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MUHAMMAD'S CAREER

Muhammad was born in Mecca on the 12th of Rabi' al-Awal, in the year 570 of the Christian era. His father, Abdullah, son of Abdul Muttalib of the clan of Bani Hashim of the tribe of Quraish, died before his birth. According to the custom of the nobility of Quraish tribe, the child when only eight days old was handed to a bedoum nurse called Halima from the tribe of Bani Sa'ad, to be brought up by her in the healthy atmosphere of the desert. At the age of five, Muhammad returned to the care of his mother, Amina, the daughter of Wahb, the chief of the clan of Bani Zahra, but she died a year later. His grandfather, Abdul Muttalib, the chief of Bani Hashim and the leader of the Meccans, in whose loving care he was, died when he was eight and Muhammad was brought up by his uncle Abu Talib, who was to prove his shield and protection when some thirty years later his preaching brought upon him the enemity of the Meccans. Abu Talib was a merchant of modest means, and when Muhammad grew up he assisted his uncle in his business. At the age of 12, he accompanied his uncle in a merchant's caravan to Syria.

To the young, vigorous and fresh mind of Muhammad, who had no school learning, the glimpses into the contrasts and similarities of the beliefs, customs and civilisations of diverse countries and peoples, must have opened up glorious vistas and left lasting impressions. Later, Abu Talib's business began to dwindle and Muhammad earned his living as a shepherd. Thoughtful by nature, this occupation gave him full scope to contemplate the universe and commune with the creation.

Arabia at this time was in a state of religious chaos and political dissolution. The Arabs were stepped in ignorance and perpetually at war with one another ; they were mostly nomadic except for those tribes living in the few cities scattered through the land, the Holy City of Mecca being inhabited by the different clans of the tribe of Quraish. Apart from a few Jewish settlements in the north-west, a few Christian tribes on the Syrian border and in the extreme south-west, and a few individuals known as Hanifs who held a monotheistic faith, the whole population of Arabia worshipped idols, stars, stones and fetishes. The idolatry of his people, their immorality, and the terrible treatment of the poor and the weak set Muhammad's mind and soul aflame with intense horror and righteous disgust, In the solitude of the desert and hills where he tended his sheep Muhammad reflected on all these questions. He had now reached the age of twenty one, and had conducted himself with such rectitude and nobility of character that he was called "Al-Amin'', the Trusty.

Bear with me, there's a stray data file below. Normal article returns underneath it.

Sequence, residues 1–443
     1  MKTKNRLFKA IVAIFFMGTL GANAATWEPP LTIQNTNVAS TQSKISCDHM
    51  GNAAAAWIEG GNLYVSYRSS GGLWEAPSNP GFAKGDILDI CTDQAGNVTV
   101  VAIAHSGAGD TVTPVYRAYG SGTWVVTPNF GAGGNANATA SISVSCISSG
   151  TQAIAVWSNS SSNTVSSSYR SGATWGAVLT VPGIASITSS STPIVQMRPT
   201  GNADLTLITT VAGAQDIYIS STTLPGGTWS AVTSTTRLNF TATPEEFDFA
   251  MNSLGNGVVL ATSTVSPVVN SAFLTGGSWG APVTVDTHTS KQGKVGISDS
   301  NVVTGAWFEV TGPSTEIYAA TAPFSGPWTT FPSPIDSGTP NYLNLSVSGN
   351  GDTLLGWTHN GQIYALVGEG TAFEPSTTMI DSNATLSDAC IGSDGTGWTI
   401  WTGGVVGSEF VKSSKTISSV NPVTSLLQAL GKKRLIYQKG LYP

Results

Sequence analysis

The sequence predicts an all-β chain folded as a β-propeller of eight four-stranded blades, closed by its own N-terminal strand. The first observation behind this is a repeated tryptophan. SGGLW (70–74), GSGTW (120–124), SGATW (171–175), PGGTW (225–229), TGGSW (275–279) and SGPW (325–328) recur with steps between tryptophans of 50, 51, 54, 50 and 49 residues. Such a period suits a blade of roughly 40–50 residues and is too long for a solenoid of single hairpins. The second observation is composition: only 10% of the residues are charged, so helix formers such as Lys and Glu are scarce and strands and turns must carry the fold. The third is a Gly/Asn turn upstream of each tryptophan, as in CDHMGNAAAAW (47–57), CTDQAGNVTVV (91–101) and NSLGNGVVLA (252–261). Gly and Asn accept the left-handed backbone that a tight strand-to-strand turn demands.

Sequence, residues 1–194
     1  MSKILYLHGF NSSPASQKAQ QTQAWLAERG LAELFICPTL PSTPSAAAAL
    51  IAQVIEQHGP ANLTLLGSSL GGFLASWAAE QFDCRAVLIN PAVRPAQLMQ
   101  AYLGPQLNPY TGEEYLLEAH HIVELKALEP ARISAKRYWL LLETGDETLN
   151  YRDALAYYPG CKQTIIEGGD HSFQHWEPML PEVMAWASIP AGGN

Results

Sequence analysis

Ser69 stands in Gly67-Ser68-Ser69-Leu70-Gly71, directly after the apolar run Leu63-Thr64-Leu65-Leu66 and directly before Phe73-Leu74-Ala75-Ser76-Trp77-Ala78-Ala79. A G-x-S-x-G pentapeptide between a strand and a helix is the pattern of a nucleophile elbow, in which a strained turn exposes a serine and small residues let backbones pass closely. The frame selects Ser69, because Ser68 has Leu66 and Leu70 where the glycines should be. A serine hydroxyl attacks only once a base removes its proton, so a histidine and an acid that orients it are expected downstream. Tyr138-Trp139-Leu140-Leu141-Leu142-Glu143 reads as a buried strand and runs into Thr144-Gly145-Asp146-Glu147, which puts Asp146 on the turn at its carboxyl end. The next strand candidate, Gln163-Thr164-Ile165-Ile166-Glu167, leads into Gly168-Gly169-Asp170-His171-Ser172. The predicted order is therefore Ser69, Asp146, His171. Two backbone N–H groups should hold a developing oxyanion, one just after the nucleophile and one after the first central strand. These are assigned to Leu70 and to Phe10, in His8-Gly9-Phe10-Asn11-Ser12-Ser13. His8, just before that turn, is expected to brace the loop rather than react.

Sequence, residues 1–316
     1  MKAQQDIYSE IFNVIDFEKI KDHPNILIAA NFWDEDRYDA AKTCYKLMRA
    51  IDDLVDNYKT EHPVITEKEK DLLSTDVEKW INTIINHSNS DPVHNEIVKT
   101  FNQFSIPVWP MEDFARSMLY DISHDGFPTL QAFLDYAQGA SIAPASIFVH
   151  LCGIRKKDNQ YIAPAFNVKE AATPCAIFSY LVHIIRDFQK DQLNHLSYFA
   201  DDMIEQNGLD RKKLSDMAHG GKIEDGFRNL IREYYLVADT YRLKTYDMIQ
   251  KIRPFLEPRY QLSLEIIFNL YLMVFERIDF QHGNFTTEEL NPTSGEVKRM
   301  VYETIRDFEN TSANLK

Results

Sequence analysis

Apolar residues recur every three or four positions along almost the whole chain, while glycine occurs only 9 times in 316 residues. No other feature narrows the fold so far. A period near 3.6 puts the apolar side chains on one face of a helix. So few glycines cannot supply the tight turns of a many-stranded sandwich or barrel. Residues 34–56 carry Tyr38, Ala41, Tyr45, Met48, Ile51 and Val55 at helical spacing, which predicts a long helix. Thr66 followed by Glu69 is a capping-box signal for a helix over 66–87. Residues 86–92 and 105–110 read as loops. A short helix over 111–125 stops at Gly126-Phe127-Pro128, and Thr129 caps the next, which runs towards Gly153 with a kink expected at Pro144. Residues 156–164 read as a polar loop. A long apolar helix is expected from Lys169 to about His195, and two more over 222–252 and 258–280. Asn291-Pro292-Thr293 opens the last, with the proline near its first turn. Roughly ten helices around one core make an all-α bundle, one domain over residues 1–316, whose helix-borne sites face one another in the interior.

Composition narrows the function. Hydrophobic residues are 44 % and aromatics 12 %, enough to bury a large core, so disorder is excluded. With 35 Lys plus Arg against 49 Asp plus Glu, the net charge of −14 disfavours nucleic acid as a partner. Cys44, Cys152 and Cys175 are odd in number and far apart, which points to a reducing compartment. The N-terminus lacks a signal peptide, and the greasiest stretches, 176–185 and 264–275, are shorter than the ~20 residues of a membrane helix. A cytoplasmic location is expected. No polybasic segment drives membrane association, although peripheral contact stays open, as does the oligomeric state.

The war of the "Fijjar", which was started by the murder of a member of the Hawazin tribe, and lasted for four years, made the leaders of the Meccans reflect on the dire results which lawlessness had brought upon them. Muhammad and the other leading members of his clan Bani Hashim and their relations Bani Al-Muttalib and the leaders of the clans of Bani Zuhra and Bani Taym formed themselves into a league pledged to defend the weak and champion the oppressed, freeman and slave alike, and to vindicate their rights against tyranny and aggression. This league, known as Hilf Al-Fuzool, exercised such efficient protection that for a long time the mere threat of its intervention was sufficient to repress lawlessness and afford redress to the helpless. Muhammad was very proud of his membership of this chivalrous league, and used to say

"I would not have the riches of the earth in exchange for my membership of it".

Muhammad was content with his lot as a shepherd, but his uncle, Abu Talib, desired something better for him, and obtained him employment with a rich widow, Khadija, the daughter of Khuwailid, son of Asad, and thus Muhammad found himself at the age of 25 in charge of a caravan conveying merchandise to Syria. On Muhammad's return, Khadija was so pleased with his successful management of her business, and was so attracted by his nobility of character, reports about which she heard from her old servant who had accompanied him, that she sent her sister to offer the young man her hand. Muhammad had felt drawn to Khadija, and so matters were soon arranged and, though Khadija was by fifteen years his senior, their twenty six years of married life were singularly happy.

Muhammad continued to work as a merchant ; and his fair-dealings further enhanced his reputation as Al-Amin. In the year 605 of the Christian era, a dispute arose during the reconstruction of the Ka'aba which threatened to plunge the different clans of the Quraish tribe into war, but the sagacious arbitration of Muhammad saved the situation and settled the dispute to everyone's satisfaction. He continued to take an ever-increasing interest in public affairs and to exert himself in the service of the poor, the helpless and the weak. Many were the slaves who owned their freedom to Muhammad, and many were the widows and orphans who lived on his generosity. When Khadija made a gift to him of a slave called Zaid, who had been presented to her by her nephew, he immediately set the slave free. Though he was now a free man, Zaid insisted on remaining in Muhammad's household as his personal servant, and Muhammad rewarded his devotion by adopting him as his son.